During my time there, I met a kid named Jason who would crap in his tube socks and then go all Bruce Lee on me swinging them at me like nunchucks! And one time he managed to connect one right in my mouth. Suffice to say, I didn’t really like Jason and after I heard about the brutal crimes he had committed, all before the age of 16, I actually thought he deserved to face grave judgment. I even thought the world would be better without him in it.

But then, one day I pulled his file and began to read… “Jason was sodomized at the age of 3 to the age of 11 by a male family member. He was locked in a closet for months at a time and left in the dark”…and on and on and on. As I read his file, I began to weep because I now had the context for the crimes and sins he committed. It didn’t mean they were any less grave, but I at least didn’t judge him anymore.

What’s amazing to me is that when I think about the life of Christ, people like Jason were the ones he desperately loved and hung around with. Jesus was consistently known as a friend of “sinners“, and some of these people he was known to associate with were world class sinners. They were local pole dancers and Bernie Madoff goons that stripped people off what little cash they already had; some were religious leaders that exploited people for their own ends; some murderers, others lazy gluttons. Jesus’ claim to fame because of the amount of time he spent with people like this was that he himself “was a drunkard and a glutton“.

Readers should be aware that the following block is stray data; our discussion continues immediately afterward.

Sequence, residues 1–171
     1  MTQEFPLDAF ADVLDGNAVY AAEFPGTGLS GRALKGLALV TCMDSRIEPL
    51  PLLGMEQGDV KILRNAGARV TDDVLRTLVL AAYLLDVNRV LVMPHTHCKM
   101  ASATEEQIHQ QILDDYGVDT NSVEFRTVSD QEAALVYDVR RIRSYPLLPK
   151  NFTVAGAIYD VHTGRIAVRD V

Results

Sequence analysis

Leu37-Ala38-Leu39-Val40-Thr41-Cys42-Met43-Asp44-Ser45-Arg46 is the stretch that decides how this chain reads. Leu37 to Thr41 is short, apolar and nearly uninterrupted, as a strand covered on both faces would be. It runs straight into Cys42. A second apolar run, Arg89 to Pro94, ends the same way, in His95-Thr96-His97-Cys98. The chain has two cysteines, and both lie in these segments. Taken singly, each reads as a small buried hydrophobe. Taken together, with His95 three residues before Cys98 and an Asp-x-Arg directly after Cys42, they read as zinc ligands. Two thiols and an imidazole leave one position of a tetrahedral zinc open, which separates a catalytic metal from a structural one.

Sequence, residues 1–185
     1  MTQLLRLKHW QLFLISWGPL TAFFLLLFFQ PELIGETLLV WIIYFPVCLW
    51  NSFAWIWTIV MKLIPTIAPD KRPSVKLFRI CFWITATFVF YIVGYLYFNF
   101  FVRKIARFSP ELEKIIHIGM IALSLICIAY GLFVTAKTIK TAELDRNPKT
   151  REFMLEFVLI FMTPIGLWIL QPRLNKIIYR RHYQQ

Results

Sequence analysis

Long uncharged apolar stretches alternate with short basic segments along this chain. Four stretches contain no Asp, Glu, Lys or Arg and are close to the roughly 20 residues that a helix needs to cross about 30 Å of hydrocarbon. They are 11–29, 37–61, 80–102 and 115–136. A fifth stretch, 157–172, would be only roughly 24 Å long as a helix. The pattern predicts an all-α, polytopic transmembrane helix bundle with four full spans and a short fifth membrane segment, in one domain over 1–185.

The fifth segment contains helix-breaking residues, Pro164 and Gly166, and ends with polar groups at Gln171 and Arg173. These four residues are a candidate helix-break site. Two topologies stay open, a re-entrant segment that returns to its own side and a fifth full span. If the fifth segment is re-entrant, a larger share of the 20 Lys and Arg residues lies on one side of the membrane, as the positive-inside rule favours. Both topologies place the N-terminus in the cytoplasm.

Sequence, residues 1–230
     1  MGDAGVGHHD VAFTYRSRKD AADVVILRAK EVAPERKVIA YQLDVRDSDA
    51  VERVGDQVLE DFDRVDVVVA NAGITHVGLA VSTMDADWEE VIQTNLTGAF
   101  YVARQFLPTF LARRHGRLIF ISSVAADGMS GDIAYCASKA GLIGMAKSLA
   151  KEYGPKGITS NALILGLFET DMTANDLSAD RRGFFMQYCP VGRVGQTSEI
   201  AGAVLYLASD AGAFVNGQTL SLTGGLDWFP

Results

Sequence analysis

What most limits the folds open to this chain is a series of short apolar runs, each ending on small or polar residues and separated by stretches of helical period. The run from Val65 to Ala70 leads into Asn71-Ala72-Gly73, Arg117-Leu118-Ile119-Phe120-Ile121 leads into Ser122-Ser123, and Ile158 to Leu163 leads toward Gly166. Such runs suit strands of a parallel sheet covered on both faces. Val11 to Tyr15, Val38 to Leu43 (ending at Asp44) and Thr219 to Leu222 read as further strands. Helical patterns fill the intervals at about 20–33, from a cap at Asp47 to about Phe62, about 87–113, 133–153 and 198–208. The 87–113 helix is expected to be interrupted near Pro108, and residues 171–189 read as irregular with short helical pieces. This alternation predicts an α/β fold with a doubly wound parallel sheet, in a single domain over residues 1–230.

When I try to encourage Christians to live more like Christ, it just seems that his ability to overlook sin is a point of struggle for them. In fact, it seems that many Christians think God put them on the earth to point out people’s sin. I guess for all of us, regardless of our faith or lack of faith, its always hard to love the unloveable, and even harder to love ourselves since we know in our core we’re not that different from the scoundrels we condemn.

So the question is how do we overlook a person’s struggles and sin?

How did Christ do it?
Here’s a few thoughts to consider:

First, Jesus could share a meal with a sinner because he knew they had no ability to fix themselves (even this is taught in every 12-Step class you will encounter). Even as he hung on a cross, he forgave those that were mocking him and had driven nails into his hands, and recognized the fact they did not know what they are doing. He never nitpicked behavioral defects because he knew that bad behavior is only an outward symptom of an inward issue that can only be changed when the heart is transformed.